NASA began the countdown for the launch of Endeavour after completing one final test to make sure the space shuttle's crew cabin was airtight.
"The team is ready. Endeavour is ready," NASA test director Stephen Payne said Sunday.
Last week, NASA replaced a leaky valve in Endeavour's cabin with one taken from the shuttle Atlantis. Engineers discovered that air had been escaping from the removed valve because of a small piece of debris on its seal, Payne said. The valve itself turned out to be fine.
Because of the extra work to replace and test the new valve, NASA delayed the flight by one day, to Wednesday.
Meteorologists are predicting a 70 percent chance of good weather for the early evening launch.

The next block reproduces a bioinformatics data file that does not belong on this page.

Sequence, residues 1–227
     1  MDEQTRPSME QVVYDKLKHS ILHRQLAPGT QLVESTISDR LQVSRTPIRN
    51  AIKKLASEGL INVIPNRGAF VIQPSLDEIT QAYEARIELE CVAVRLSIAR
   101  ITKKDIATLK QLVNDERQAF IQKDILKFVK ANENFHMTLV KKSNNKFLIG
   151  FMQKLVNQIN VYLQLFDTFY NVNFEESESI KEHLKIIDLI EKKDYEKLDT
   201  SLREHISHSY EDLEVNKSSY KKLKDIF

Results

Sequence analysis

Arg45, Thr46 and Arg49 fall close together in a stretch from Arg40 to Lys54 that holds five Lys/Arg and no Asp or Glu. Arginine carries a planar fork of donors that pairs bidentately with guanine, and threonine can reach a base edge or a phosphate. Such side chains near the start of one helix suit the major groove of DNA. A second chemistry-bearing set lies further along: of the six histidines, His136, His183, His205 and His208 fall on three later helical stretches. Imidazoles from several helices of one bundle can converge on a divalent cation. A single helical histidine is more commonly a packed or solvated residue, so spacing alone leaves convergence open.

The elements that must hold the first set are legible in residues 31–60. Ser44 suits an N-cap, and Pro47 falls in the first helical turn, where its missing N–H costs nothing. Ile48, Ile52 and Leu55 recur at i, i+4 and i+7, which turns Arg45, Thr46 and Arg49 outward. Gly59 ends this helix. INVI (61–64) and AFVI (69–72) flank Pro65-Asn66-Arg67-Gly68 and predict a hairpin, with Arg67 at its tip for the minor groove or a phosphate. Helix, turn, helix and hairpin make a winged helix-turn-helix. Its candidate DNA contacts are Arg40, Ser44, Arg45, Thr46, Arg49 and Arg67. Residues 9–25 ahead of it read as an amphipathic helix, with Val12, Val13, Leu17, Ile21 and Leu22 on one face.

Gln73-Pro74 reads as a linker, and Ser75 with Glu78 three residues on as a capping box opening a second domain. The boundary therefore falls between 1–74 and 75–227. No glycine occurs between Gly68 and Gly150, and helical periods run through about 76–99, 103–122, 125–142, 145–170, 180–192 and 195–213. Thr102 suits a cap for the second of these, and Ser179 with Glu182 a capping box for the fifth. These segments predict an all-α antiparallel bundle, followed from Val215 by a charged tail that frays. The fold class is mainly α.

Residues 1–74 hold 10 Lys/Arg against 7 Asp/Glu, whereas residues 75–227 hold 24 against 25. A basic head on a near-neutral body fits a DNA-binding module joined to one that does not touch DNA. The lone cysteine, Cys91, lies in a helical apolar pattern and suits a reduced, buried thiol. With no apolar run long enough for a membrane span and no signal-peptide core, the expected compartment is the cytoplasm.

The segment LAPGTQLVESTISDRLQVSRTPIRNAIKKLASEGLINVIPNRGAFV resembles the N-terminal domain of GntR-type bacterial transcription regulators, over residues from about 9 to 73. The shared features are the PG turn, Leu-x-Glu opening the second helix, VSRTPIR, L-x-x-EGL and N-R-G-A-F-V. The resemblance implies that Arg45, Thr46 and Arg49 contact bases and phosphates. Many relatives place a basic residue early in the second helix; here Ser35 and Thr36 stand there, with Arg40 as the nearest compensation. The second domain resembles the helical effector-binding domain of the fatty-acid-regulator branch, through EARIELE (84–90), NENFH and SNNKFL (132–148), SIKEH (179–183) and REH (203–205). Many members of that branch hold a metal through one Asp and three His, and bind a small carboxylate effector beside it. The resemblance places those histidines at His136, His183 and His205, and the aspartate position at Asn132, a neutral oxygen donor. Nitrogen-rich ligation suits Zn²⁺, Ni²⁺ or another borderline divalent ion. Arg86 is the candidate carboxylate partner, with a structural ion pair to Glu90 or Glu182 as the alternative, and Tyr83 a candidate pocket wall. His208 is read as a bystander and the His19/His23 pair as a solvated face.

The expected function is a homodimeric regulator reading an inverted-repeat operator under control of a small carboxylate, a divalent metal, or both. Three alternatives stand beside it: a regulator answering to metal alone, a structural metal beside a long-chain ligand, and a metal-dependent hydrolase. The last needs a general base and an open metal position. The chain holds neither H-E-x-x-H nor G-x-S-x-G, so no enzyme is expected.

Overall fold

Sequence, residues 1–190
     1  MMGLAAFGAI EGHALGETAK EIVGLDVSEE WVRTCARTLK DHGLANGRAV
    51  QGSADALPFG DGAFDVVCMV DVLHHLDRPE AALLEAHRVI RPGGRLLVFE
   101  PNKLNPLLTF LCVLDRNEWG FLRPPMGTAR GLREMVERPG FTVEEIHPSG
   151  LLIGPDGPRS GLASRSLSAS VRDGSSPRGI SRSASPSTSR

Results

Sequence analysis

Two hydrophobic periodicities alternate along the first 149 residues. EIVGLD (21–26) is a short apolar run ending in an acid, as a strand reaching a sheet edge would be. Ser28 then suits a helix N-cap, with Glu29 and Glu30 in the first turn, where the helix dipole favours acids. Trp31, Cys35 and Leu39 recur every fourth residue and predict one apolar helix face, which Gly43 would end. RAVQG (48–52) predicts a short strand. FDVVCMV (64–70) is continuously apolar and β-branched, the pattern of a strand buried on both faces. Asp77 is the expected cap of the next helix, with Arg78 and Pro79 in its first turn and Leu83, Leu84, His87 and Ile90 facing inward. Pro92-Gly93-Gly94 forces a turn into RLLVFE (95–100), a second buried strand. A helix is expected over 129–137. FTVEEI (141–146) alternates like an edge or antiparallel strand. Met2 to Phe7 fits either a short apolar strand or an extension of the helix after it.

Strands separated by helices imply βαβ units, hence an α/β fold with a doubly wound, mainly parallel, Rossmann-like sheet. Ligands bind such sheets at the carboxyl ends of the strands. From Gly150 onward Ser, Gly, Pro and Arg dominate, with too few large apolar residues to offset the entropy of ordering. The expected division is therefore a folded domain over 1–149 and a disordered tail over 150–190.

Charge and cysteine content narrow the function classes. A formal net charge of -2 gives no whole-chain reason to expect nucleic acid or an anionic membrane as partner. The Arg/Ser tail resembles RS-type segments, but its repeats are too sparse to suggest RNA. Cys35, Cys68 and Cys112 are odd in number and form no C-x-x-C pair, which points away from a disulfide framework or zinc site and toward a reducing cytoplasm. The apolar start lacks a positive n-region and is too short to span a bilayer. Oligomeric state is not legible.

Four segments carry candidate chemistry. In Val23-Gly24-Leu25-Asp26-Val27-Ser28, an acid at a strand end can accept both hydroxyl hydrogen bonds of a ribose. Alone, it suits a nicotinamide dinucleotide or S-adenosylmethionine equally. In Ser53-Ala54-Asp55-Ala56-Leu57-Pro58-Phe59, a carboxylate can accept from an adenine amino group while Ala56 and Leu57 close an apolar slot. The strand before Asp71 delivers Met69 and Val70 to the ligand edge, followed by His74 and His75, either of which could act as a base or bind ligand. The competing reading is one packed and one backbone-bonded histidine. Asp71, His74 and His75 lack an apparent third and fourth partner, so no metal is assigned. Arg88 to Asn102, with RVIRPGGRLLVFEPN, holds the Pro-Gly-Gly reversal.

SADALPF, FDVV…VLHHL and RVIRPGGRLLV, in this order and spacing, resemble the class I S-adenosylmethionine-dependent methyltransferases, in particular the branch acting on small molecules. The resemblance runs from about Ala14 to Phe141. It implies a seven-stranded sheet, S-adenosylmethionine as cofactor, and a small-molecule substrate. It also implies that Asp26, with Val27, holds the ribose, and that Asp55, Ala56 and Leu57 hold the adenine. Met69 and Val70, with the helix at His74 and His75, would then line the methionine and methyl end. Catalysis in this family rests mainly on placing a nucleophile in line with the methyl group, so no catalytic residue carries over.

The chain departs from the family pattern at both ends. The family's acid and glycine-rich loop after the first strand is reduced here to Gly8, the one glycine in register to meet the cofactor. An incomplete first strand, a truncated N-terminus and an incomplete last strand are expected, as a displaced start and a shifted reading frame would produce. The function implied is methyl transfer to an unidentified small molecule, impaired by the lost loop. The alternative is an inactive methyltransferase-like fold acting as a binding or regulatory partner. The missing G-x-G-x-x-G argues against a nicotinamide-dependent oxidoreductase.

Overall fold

Endeavour's trip to the international space station for construction work features NASA's first educator-astronaut, Barbara Morgan. She was the backup for Christa McAuliffe, who died aboard Challenger in 1986.
Morgan will operate a robot arm in space and, if time permits, speak with school children at several locations across the country.
NASA hopes to stretch the mission from 11 days to 14 days, once Endeavour is in orbit, with help from a new system flying aboard the space shuttle. The system will convert and transfer power from the station to the shuttle, allowing the shuttle to remain docked longer than ever before.
The Russian Federation is capable of eliminating USA's state-of-the-art cruise missiles designed to attack targets at extremely low altitudes